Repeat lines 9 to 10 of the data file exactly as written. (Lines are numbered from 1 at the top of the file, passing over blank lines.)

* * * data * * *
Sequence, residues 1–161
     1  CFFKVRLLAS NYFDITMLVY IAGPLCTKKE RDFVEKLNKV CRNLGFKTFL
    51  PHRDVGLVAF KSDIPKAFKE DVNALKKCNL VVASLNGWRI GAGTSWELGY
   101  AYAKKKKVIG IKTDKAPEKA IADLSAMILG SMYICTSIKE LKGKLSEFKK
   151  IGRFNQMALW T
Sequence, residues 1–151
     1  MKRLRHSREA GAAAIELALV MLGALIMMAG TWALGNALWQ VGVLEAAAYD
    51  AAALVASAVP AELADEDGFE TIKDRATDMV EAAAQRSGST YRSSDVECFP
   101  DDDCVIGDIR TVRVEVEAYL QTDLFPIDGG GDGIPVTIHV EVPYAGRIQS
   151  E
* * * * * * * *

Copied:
   101  DDDCVIGDIR TVRVEVEAYL QTDLFPIDGG GDGIPVTIHV EVPYAGRIQS
   151  E